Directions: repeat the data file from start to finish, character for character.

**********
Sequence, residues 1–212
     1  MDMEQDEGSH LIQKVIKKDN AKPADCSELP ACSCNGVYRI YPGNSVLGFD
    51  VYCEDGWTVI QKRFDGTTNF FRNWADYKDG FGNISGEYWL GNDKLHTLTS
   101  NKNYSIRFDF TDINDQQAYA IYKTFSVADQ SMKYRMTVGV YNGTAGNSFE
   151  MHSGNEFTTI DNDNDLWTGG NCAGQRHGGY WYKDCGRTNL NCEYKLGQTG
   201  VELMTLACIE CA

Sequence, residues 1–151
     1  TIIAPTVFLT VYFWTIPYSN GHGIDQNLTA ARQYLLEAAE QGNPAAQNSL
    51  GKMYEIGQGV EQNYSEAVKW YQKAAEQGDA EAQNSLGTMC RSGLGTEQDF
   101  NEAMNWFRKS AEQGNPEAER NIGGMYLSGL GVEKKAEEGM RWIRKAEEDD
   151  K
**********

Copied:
Sequence, residues 1–212
     1  MDMEQDEGSH LIQKVIKKDN AKPADCSELP ACSCNGVYRI YPGNSVLGFD
    51  VYCEDGWTVI QKRFDGTTNF FRNWADYKDG FGNISGEYWL GNDKLHTLTS
   101  NKNYSIRFDF TDINDQQAYA IYKTFSVADQ SMKYRMTVGV YNGTAGNSFE
   151  MHSGNEFTTI DNDNDLWTGG NCAGQRHGGY WYKDCGRTNL NCEYKLGQTG
   201  VELMTLACIE CA

Sequence, residues 1–151
     1  TIIAPTVFLT VYFWTIPYSN GHGIDQNLTA ARQYLLEAAE QGNPAAQNSL
    51  GKMYEIGQGV EQNYSEAVKW YQKAAEQGDA EAQNSLGTMC RSGLGTEQDF
   101  NEAMNWFRKS AEQGNPEAER NIGGMYLSGL GVEKKAEEGM RWIRKAEEDD
   151  K